Throw a party for Peace House
July 19, 2016
Peace House is a nonprofit with a noble mission: to end family violence and abuse through education, outreach, support services, and shelter. The Summit County-based group cannot do that, however, without support from the community, both in the way of time and energy and, of course, money. The Bling Fling Boutique, now in its third year, is an annual fundraising effort aimed at raising much of the money that will keep Peace House running smoothly over the course of the year.
"To date, the Bling Fling Boutique has been the biggest fundraiser for Peace House, raising $25,000 in 2015," said Nancy Tosti, co-chair of the Boutique. "We keep our expenses at a minimum with 99% of our sales going to help Peace House."
That funding is nothing short of critical, Tosti said.
"All of the Peace House programs are provided free of charge to those who need them," she said. "Therefore our fundraising efforts are very important to offset the costs involved. The money raised goes directly to maintaining the Peace House shelter, keeping it safe and warm for families who must turn to the shelter for safe haven. Funds also are used to replenish the pantry with food supplies and cleaning products."
In order for the Bling Fling to be a success, however, Peace House needs to bring in enough donated items to sell. Tosti said that's where Bling It On parties come into play.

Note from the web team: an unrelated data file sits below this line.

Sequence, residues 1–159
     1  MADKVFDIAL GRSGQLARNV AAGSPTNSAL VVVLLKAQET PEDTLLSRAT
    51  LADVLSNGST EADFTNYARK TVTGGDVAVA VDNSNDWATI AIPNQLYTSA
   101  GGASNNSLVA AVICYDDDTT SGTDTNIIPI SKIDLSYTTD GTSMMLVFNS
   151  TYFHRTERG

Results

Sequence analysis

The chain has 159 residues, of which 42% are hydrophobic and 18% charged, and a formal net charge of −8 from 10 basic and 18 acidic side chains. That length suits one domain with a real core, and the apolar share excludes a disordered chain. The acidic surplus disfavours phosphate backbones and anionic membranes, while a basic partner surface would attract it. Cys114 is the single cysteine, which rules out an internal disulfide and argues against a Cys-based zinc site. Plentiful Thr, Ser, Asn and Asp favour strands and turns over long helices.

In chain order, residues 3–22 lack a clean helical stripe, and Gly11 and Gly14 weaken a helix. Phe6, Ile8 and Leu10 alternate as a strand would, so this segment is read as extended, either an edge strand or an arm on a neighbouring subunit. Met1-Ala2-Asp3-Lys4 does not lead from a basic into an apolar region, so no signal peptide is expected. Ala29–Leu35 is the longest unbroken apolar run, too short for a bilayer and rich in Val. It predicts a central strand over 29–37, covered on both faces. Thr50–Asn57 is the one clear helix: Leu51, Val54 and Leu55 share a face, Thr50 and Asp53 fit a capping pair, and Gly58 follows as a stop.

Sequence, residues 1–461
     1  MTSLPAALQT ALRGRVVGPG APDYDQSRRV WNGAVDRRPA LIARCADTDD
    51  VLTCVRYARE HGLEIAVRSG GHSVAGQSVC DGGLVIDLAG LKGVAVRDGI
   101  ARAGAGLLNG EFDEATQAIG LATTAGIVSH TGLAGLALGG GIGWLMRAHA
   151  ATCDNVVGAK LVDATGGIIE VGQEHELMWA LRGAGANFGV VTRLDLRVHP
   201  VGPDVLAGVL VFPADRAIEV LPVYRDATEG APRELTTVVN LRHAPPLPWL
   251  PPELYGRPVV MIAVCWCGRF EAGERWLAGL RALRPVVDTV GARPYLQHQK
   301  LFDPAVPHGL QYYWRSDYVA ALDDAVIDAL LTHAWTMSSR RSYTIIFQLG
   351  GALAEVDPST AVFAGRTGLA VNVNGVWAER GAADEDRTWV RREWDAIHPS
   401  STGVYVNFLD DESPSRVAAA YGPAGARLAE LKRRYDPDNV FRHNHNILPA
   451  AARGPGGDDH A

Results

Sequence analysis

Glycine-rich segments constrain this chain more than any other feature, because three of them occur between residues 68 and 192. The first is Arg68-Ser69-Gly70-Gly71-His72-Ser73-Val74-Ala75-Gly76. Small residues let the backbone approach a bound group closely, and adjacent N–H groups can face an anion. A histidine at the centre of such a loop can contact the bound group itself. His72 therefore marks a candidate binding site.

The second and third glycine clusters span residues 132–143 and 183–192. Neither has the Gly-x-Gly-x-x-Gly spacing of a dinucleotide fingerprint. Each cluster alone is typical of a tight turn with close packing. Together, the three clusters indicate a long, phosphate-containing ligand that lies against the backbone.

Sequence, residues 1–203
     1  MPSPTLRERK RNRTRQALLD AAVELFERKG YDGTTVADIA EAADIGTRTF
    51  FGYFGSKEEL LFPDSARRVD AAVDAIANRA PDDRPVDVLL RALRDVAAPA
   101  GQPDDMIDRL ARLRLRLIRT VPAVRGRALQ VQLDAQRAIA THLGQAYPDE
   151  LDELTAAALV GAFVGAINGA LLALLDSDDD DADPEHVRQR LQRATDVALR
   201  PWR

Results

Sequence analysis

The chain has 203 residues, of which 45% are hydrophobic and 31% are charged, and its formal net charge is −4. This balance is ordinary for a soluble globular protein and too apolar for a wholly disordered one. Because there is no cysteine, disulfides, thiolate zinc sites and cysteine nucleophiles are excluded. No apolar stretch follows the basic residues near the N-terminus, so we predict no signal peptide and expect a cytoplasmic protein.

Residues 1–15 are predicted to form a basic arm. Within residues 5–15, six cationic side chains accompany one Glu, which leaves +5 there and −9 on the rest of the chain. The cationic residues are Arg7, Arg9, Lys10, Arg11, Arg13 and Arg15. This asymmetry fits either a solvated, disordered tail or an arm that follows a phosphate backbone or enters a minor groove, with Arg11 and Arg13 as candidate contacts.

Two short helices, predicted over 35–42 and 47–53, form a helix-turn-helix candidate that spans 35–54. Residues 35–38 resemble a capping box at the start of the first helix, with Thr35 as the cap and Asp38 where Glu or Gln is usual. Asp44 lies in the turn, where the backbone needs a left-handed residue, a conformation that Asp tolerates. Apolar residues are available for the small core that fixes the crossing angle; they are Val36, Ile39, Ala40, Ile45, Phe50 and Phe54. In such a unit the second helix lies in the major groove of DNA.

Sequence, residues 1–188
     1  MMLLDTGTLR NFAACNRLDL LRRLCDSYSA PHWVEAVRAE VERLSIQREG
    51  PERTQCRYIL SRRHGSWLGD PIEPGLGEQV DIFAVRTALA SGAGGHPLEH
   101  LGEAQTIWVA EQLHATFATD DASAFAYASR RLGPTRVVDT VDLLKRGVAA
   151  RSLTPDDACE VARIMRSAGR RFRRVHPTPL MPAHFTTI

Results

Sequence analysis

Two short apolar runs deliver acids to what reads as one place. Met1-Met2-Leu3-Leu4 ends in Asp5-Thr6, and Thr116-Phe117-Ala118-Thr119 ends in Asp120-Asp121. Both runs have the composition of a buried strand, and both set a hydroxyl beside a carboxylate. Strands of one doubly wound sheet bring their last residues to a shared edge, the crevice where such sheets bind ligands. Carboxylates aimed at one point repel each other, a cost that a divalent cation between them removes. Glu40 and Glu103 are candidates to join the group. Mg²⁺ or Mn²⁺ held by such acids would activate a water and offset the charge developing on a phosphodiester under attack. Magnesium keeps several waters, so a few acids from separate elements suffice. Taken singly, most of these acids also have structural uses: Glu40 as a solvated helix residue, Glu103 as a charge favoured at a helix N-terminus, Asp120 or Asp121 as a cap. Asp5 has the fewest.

Those who want to help bring in gently used women's accessories (and women's and men's jewelry) to be sold at the Bling Fling Boutique are encouraged to throw a party. The theme can be whatever the host likes, Tosti said, perhaps a birthday party with donated items in lieu of gifts or an open house where friends can drop by at their convenience. Peace House provides digital flyers, if needed, and also has tax-deductible donation forms.
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The donated items can then be dropped off by the host at any Peace House Purple Bin around the community or at the Peace House offices at 1960 Sidewinder Dr., Suite 208.
"The parties have been invaluable," Tosti said. "Collection of items from the community for resale at the event is really the hardest part of the process. We need to get the word out to as many people as possible and in today's world of scammers it has been a challenge for people to trust. However, when a friend invites them to a party, collecting items as an aside, they are more willing to donate. Donations have been plentiful."
Tosti said Peace House has seen all kinds of Bling It On parties over the past three years.
"One party was a 50th birthday party, the birthday girl requested that her friends donate items for Peace House as opposed to bring her gifts," Tosti said. "Another family, who throws a large party over the 4th of July, asked their guests to bring items to donate instead of a potluck item. They then had a catered meal."
Bling It On parties can be held now through October, with the Bling Fling Boutique scheduled for Nov. 11 and 12 at Park City Community Church. Tosti said those who don't want to host a party can still donate items at any of Peace House's collection bins, which are located at: Shepherd of the Mountains Lutheran Church, Park City Community Church, St. Luke's Episcopal Church, Wells Fargo Bank, and Hugo Coffee.
"We are also looking for volunteers who are willing to give of their time, as little as an hour, to help with the sorting process (beginning in September) or work a shift at the Bling Fling Boutique in November," Tosti said.
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